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In Byron Bay, the ravages of Airbnb

Posted on Jul 31, 2022 at 12:58 PM

It’s a scene that is repeated almost every evening… Small groups form on the seafront, some take out a guitar around an improvised campfire in the rocks, a few acrobats hypnotize passers-by by twirling bolas fiery and most clink glasses over a few beers, modestly covered by paper bags. They are all there to admire the sun setting behind the mountains bordering the northern tip of the beach, which stretches for about thirty kilometers, tinting the sky with shades ranging from pale pink to scarlet red…

Located at the eastern tip of Australia, an ideal geographical position where very beautiful waves are formed, Byron Bay, in New South Wales, is one of the most popular destinations for surfers. It is also home to one of the oldest surf clubs in the country, created more than a century ago, in 1907. However, this small town of 9,000 inhabitants only became a tourist attraction at the turn of the century. 1970s. Until then, it was a working-class town, known for its whaling station, then for its slaughterhouses.

A city run by environmentalists

Fintan Callaghan, a musician who has lived there all his life, remembers that “when the wind blew in the wrong direction, a stench covered the whole town”. Everything changed in 1973, with the organization of the Aquarius festival, the Australian equivalent of Woodstock, in Nimbim, about thirty kilometers from the coast.

In its wake many hippies arrive in the region, which, in addition to an alternative way of life, will bring a real cultural and artistic dynamism. It was at this time that Fintan, then very small, arrived with his mother, “one of the pioneers of the Australian hippie movement, to live in community”.

These new inhabitants also profoundly influenced local politics. Byron Bay is thus one of the few Australian cities run by environmentalists for decades, who are pleased to have been able to preserve the identity of their city. Thus, no building is more than two stories tall, the McDonald’s or KFC, although omnipresent in the rest of the country, were never able to establish themselves there, and in the 1990s, very strong opposition, in the streets and in the court, forced Club Med to give up opening a vacation center there. The French company also left Australia for good a few years later.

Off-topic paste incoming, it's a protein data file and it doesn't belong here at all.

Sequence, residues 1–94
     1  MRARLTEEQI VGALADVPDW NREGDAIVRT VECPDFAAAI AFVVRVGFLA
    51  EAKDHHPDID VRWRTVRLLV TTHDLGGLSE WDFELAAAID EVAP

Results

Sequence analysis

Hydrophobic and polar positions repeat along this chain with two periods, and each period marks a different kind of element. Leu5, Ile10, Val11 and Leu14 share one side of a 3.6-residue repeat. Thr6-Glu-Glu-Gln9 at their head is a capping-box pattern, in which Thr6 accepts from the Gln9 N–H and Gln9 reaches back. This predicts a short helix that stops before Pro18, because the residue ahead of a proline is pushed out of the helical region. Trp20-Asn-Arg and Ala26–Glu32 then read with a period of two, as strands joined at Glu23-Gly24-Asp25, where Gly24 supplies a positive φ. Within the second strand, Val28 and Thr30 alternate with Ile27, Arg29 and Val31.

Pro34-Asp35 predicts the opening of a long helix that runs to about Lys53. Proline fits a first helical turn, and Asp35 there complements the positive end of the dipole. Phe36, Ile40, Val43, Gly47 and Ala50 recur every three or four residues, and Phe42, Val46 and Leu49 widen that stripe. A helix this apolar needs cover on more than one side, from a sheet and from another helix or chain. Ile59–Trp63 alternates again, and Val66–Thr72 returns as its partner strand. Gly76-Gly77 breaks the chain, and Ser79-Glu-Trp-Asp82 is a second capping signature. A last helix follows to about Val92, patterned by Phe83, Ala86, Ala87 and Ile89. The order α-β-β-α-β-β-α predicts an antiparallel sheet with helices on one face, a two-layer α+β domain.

It is also here that in 2001, for the first time in the country’s history, land rights were recognized for the local Aboriginal community, whose presence in the region dates back more than 20,000 years.

Average rent: 800 euros per week

It is this uniqueness that has made Byron Bay a popular tourist destination – it welcomes 2.2 million holidaymakers each year – but is also a haven for many celebrities. The pioneer in this field is Paul Hogan, better known as Crocodile Dundee, but we can also mention Olivia Newton-John or more recently the Mentalist Simon Baker and especially Chris Hemsworth, the interpreter of Thor in the Marvel films, who s he built a huge villa estimated at more than 20 million euros…

An attractiveness that is paid today at a high price. Byron Bay is the Australian city where real estate prices have risen the most: +34.8% in one year and +112% over the past five years. So much so that in the sector, the median price of typical housing in Australia, a single-storey house with two bedrooms, a small garden and a garage, is now 1.5 million euros. Its average rent: 800 euros per week. It’s more than in the Coogee area, one of Sydney’s most famous beaches.

The teleworking wave

For the mayor of the agglomeration community, Michael Lyon (related Green), the situation worsened ten years ago with the proliferation of short-term rentals. “We are a tourist destination, so there has always been around 10% of our accommodation dedicated to vacation rentals, which offer much better returns than long-term rentals. But the trend has accelerated significantly with the emergence of platforms such as Airbnb. Today, 40% of all accommodation in Byron Bay is rented on such sites. As a result, the number of available homes has fallen sharply, which has caused a significant rise in rents, ”laments the elected official.

At the start of Covid, many people, realizing that they could telecommute from anywhere, arrived from big cities […] Some were ready to pay 50, 100 dollars more per week than the posted rent or to pay six months in advance, in cash!

Fintan Callaghan Resident of Byron Bay

Under these conditions, the slightest grain of sand can turn into a disaster. This is what happened last year to Fintan. “I lived with two of my daughters in a converted garage which I rented for around 250 euros per week. Then my landlord decided to turn it into a yoga studio. I don’t blame him, he warned me more than three months in advance [le délai légal de préavis en Australie est d’un mois, NDLR]. But it happened at the worst possible time,” he recalls.